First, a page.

Well, it’s almost funny. But if you switch the words “liberal” and “progressive” to “Republican” and “conservative,” that paragraph would be equally as accurate. Both parties seem to feel the same way about Donald Trump. While the Republicans struggle with who Trump is and what he believes – not to mention his commitment to the Republican cause – the Democrats are waking up to their own challenges.
The Democrats are kidding themselves if they think they are going to be able to rely on their usual attacks on Republicans with Donald Trump at the helm. They aren’t going to be able to launch into the tired war on women or talk about how Republicans hate poor people and sick people, etc., and make that stick. Nothing even close to those charges has stuck to Donald Trump so far. On CNBC, I recently likened Donald Trump to the dark force from the movie “The Fifth Element.” He seems to absorb attacks and grow in strength rather than be wounded.
Trump isn’t just a counter-puncher; he uses rhetorical counter-force weapons to deprive opponents of their favorite attacks. Remember how Trump stifled and silenced Hillary’s attempt to launch an attack on Trump as sexist? I would guess we will be hearing a lot more in the general election about Bill’s indiscretions and her complicit role in helping him concoct the lies and demonize his victims. But that will just be Trump getting warmed up. Trump will routinely go after Hillary Clinton in ways the Democrats have always thought would be off-limits. And he will do so to her face. The email controversies, the odd arrangements Hillary staffers had with the private sector, the coordination between the State Department and the Clinton foundation, the money that poured in from foreign and corporate sources who wanted easy access to the Clinton world, a variety of Clinton’s flaws and previous gaffes – even Chelsea’s employment – will all come roaring out of the Trump campaign. The Clintoncampaign will spend a lot of time on their heels.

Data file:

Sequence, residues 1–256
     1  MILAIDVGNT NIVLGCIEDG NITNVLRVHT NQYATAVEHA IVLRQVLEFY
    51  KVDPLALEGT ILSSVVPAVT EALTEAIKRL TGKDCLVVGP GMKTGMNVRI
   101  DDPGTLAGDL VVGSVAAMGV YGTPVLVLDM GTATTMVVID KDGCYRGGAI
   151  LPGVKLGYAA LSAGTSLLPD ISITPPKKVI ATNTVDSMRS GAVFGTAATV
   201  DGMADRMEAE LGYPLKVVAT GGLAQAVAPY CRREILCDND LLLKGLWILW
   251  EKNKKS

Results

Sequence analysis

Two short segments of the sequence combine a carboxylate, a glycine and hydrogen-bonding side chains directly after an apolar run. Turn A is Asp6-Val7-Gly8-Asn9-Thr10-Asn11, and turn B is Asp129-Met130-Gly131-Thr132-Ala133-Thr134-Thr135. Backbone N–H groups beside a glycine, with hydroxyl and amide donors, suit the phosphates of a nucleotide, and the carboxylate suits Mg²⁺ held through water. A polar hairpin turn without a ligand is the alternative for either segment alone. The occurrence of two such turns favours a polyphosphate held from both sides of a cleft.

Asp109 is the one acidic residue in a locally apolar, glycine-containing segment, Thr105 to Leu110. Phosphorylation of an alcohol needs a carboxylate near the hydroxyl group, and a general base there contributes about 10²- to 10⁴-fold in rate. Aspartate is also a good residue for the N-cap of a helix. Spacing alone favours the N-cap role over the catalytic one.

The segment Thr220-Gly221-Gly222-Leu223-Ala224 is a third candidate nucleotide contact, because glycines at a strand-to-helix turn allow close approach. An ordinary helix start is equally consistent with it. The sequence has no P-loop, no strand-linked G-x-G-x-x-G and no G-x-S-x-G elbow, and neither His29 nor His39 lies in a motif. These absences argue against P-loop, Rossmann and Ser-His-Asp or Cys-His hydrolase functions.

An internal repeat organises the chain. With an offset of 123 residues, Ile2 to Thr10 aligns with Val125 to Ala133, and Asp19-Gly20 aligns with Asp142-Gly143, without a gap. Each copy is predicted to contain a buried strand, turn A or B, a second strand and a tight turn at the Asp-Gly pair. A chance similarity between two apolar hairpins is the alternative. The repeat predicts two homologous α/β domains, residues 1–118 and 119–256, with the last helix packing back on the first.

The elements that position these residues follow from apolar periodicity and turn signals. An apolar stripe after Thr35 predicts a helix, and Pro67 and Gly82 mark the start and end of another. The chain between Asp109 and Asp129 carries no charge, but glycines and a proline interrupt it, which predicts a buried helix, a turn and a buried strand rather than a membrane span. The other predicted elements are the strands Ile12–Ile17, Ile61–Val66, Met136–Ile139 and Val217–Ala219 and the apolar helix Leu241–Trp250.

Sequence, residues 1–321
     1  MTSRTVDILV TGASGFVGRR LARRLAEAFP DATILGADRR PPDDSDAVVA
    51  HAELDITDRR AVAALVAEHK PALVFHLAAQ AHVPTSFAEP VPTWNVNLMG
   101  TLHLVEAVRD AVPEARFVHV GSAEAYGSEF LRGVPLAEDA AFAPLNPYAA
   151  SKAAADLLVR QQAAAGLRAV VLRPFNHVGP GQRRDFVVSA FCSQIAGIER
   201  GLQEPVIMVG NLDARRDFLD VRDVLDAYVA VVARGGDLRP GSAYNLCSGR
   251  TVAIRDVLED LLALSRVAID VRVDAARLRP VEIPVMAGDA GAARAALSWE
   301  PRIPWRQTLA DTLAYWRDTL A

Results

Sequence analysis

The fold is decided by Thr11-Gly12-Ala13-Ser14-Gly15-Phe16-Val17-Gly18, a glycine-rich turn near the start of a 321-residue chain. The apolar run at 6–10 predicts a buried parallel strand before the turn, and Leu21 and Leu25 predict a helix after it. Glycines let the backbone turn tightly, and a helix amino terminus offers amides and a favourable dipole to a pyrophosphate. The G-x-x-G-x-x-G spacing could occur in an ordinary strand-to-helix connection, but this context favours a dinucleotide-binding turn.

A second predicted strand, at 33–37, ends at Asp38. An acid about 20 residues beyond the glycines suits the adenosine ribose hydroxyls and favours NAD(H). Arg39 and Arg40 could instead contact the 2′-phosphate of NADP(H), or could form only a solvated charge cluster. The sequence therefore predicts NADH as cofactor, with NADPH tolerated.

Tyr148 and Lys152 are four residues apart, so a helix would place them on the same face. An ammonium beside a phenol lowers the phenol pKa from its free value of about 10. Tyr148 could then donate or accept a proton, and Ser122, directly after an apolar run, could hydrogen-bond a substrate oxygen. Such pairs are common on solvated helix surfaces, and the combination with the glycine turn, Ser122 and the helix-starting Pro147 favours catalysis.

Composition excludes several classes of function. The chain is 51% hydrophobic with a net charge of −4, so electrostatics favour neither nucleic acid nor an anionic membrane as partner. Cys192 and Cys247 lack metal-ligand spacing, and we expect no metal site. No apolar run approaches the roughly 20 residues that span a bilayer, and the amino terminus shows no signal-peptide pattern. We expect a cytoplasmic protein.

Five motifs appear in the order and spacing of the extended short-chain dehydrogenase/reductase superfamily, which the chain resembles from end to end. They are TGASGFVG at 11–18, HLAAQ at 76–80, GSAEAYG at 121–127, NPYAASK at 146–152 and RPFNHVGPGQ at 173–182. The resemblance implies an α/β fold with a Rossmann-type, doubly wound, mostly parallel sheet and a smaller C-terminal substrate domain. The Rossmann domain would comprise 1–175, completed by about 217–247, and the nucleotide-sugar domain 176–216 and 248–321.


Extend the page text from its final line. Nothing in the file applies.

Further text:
Democrats try to comfort themselves with the idea that there is no such thing as an Obama voter from 2008 or 2012 who will turn around and vote for Trump in 2016. It is easy to say Trump can’t win a general election. But that is the kind of rational thinking that has been applied to Trump ever since his campaign started. And it’s the kind of thinking that has been proven wrong time and time again. I can imagine Donald Trump pulling into a predominantly poor African-American neighborhood, standing on a platform, pointing to his wealth and saying, “If you want a chance to get rich, vote for me – look around, and if you want the status quo, vote for Hillary!” It could strike a chord with some young black voters who want a shot at a better life, not promises of incrementally more dependence and servitude to the Democratic establishment. I don’t dismiss the idea that Donald Trump could find a foothold in the African-American community.
Everything about Election 2016 is unprecedented. Every day with Donald Trump is Opposite Day. Take it from me: Whatever you think will happen is wrong. The opposite will occur. As I’ve said before, Donald Trump has the particular advantage of a lot of votes, and at the end of the day, in politics, that’s hard to beat.
Oh by the way, the reports that conspiracies are being hatched to deprive Trump of the nomination are overstated, but a sharp reading of the rulebook is underway, and there is a desperate effort by both the Cruz and Kasich campaigns to organize themselves as the single alternative. But if it were anybody other than Trump in this position, the party would be celebrating its coalescence behind the magnificent, victorious campaign. The truth is we either have primaries or we don’t; we either have rules or we don’t. What’s worse for a democracy: When a bad guy gets elected or when the losers refuse to lose? Whoever wins the primaries and is compliant with the rules should be the Republican nominee. Period. The challenges to that should only go so far.